Self-employed pension boost needs more than govt’s planned approach
27 December 2018
The government’s announcement that it will publish a paper addressing ways to boost pension saving among the self-employed, is being seen as lacking in the necessary action to address a growing problem.
In its Good Work Plan, the government said it will set out “targeted interventions and partnerships” early next year as it looks to tackle the issue of encouraging the self-employed to save for their retirement.
The announcement follows the Taylor review, commissioned and published by the government in 2017, in which it made 53 recommendations aimed at improving the rights of self-employed workers. One of the suggestions was that the self-employed should be automatically enrolled into a pension, paying 4% of income into a product unless they choose to opt out. However, industry experts cautioned that the nuances of such an approach must be carefully thought through.
According to Tom Selby, senior analyst at AJ Bell, the “shift in working patterns away from more traditional forms of employment” has presented the government with a “major retirement savings headache”.
He explained: “There are, unfortunately, no easy solutions to this particular challenge. The Government has made clear it will not look to replicate the matched contribution available through auto-enrolment through the tax system, meaning any interventions are likely to focus on ‘nudges’ and improved communications of the benefits of saving.”
Selby went on to add that the jury was still out on whether such a “softly softly” approach would work given that employed workers have needed “more of a shove” through auto-enrolment to start saving and questioned whether anything less would actually boost take-up among the self-employed.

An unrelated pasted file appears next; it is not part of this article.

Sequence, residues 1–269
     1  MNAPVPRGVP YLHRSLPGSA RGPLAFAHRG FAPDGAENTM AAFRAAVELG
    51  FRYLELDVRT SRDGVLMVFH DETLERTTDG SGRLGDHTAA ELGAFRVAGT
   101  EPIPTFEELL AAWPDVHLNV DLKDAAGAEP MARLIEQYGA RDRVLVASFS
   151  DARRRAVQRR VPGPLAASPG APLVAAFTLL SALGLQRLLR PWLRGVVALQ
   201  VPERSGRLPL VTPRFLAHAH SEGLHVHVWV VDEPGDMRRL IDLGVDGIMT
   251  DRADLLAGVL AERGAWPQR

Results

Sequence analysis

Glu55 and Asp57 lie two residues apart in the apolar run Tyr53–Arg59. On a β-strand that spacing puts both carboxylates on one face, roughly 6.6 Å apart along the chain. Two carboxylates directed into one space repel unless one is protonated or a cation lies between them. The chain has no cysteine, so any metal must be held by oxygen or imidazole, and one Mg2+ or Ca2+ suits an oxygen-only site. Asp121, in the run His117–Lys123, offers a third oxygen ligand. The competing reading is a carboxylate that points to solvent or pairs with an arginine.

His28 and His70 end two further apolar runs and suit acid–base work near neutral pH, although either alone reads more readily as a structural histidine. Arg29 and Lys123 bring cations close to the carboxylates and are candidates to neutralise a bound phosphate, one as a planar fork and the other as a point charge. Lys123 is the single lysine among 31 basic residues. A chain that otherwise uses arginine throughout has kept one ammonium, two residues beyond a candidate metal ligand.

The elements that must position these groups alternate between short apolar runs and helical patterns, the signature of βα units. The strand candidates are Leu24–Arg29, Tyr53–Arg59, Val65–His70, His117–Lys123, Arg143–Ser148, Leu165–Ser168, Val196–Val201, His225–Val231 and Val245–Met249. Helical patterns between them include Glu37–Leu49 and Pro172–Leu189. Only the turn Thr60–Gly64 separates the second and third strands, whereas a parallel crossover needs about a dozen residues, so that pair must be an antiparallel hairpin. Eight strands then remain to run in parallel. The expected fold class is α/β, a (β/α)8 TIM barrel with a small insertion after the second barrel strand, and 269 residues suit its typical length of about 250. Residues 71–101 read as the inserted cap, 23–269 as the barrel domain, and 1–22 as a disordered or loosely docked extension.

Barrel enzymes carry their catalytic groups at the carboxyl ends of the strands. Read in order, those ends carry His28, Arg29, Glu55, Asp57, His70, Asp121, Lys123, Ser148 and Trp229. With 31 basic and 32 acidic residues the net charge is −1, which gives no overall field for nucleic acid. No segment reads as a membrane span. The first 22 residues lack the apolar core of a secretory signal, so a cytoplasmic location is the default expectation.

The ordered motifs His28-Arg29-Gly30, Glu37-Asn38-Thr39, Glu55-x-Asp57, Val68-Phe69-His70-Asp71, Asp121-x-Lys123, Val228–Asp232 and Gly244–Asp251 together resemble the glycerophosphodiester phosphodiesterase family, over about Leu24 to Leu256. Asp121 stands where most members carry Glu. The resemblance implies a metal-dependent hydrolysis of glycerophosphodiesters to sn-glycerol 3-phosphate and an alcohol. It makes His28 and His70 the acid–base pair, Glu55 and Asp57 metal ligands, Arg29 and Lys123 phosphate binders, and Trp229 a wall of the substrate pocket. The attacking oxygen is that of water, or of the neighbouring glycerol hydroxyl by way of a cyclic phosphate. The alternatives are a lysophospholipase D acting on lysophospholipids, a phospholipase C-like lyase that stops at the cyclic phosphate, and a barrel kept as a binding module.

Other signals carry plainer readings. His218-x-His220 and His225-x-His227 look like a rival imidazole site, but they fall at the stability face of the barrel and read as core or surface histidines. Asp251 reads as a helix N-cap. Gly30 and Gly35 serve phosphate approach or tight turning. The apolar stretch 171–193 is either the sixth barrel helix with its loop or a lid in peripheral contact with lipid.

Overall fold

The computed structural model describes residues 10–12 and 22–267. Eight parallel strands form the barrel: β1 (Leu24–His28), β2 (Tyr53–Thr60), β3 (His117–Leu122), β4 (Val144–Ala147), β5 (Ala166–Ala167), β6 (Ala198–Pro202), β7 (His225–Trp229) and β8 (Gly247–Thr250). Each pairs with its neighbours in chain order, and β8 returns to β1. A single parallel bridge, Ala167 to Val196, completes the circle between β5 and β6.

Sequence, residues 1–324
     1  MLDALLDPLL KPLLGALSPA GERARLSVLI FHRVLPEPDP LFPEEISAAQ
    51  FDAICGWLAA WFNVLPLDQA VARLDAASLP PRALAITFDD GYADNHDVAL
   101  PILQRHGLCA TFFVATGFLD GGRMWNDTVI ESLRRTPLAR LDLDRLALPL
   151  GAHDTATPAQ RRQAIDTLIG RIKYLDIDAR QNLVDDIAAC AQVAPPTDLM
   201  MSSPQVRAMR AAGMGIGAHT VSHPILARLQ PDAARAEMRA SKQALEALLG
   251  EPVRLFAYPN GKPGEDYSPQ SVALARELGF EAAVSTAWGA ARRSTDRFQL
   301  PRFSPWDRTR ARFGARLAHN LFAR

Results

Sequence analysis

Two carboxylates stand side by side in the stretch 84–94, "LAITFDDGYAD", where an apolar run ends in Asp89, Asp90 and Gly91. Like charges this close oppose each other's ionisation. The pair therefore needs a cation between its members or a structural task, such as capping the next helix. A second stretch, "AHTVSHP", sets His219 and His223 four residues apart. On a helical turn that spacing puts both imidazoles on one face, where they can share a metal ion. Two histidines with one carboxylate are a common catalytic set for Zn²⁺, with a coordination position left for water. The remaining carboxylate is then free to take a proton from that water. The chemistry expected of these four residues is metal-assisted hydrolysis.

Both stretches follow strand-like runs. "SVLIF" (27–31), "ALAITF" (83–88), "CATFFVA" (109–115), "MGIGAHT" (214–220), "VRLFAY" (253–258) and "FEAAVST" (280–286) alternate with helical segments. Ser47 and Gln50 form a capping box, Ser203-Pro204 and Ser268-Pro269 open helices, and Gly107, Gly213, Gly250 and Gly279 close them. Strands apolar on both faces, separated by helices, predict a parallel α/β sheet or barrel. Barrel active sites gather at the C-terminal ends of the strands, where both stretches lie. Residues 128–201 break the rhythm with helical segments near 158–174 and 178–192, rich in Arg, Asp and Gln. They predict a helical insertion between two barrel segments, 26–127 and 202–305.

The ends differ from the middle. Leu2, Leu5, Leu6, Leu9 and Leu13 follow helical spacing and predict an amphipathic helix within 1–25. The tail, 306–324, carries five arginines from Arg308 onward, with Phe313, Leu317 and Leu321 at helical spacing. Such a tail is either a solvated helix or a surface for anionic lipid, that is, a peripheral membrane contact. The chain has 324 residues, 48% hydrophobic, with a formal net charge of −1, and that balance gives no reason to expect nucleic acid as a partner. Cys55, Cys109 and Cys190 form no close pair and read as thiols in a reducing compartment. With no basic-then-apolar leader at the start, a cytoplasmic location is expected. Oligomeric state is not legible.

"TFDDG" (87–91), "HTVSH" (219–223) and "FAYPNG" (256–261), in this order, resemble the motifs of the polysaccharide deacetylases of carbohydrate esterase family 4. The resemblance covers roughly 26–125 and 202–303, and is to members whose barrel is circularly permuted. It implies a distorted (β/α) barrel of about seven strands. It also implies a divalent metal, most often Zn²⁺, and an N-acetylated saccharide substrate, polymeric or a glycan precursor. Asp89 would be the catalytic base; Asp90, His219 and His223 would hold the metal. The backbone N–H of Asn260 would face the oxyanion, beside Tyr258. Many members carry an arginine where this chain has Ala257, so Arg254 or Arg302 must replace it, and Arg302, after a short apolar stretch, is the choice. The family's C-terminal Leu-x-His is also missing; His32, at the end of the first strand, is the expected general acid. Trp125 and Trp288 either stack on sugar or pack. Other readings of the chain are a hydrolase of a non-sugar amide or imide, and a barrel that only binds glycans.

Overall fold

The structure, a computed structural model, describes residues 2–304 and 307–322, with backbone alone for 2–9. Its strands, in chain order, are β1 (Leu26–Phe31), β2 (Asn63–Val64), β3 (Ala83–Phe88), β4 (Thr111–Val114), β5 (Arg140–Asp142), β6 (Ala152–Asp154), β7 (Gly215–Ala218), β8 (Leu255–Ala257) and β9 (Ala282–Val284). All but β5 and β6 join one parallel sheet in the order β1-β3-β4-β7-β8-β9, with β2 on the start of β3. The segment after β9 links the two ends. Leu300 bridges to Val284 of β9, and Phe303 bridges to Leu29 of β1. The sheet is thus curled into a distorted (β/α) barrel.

According to Selby, the Lifetime ISA could be a viable alternative, if the age restriction and exit penalty were removed.
Jon Greer, head of retirement policy at Quilter, was also doubtful whether a form of auto-enrolment for the self-employed could work.
He commented: “One of the biggest problems that the self-employed have to contend with is a lack of certainty and security of their income month to month. Therefore, particularly for those with lower and moderate incomes, the idea of committing money into a pension pot that can’t be accessed for years to come could seem very unpalatable and therefore voided.”
According to Greer, the concept of a pension ‘sidecar’, whereby a pool of money could be made accessible at any age in times of need, would be more appropriate for those working in the gig economy.
He added: “Whatever solutions the Government put forward in this winter paper they need to avoid a ‘one size fits all’ approach to pension saving for the self-employed as they are unique group of workers with vastly differing needs.”
Steve Webb, Director of Policy at Royal London was more critical, saying aid the lack of definitive action was “profoundly disappointing” that “all we will have by 2019 is more research and pilots, mainly focused on testing different forms of marketing message.
“The lesson of automatic enrolment is that by far the most effective method to nudge the self-employed into pension saving would be via an opt-out system administered through the tax return process which could reach up to two million self-employed people a year. But HMRC clearly doesn’t have capacity to take on this agenda.
“The lack of progress on this issue is profoundly disappointing, especially with millions of people spending periods of their working life in self-employment.”
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